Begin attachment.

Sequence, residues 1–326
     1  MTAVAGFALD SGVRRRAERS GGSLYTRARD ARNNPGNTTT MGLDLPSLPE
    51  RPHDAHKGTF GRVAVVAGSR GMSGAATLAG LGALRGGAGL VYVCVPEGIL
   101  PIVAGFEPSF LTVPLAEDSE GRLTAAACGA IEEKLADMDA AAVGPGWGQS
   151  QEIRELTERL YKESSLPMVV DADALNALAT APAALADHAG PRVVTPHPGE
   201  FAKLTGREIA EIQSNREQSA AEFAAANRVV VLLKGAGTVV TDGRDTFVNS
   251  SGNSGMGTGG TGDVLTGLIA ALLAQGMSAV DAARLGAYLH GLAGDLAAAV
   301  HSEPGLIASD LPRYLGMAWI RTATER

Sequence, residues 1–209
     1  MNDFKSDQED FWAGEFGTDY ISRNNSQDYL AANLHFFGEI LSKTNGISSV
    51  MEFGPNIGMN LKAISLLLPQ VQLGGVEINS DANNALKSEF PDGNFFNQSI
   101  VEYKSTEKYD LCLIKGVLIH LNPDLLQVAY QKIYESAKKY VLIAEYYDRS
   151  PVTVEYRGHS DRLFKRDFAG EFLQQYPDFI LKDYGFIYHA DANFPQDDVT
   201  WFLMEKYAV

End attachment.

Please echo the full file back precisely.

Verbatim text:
Sequence, residues 1–326
     1  MTAVAGFALD SGVRRRAERS GGSLYTRARD ARNNPGNTTT MGLDLPSLPE
    51  RPHDAHKGTF GRVAVVAGSR GMSGAATLAG LGALRGGAGL VYVCVPEGIL
   101  PIVAGFEPSF LTVPLAEDSE GRLTAAACGA IEEKLADMDA AAVGPGWGQS
   151  QEIRELTERL YKESSLPMVV DADALNALAT APAALADHAG PRVVTPHPGE
   201  FAKLTGREIA EIQSNREQSA AEFAAANRVV VLLKGAGTVV TDGRDTFVNS
   251  SGNSGMGTGG TGDVLTGLIA ALLAQGMSAV DAARLGAYLH GLAGDLAAAV
   301  HSEPGLIASD LPRYLGMAWI RTATER

Sequence, residues 1–209
     1  MNDFKSDQED FWAGEFGTDY ISRNNSQDYL AANLHFFGEI LSKTNGISSV
    51  MEFGPNIGMN LKAISLLLPQ VQLGGVEINS DANNALKSEF PDGNFFNQSI
   101  VEYKSTEKYD LCLIKGVLIH LNPDLLQVAY QKIYESAKKY VLIAEYYDRS
   151  PVTVEYRGHS DRLFKRDFAG EFLQQYPDFI LKDYGFIYHA DANFPQDDVT
   201  WFLMEKYAV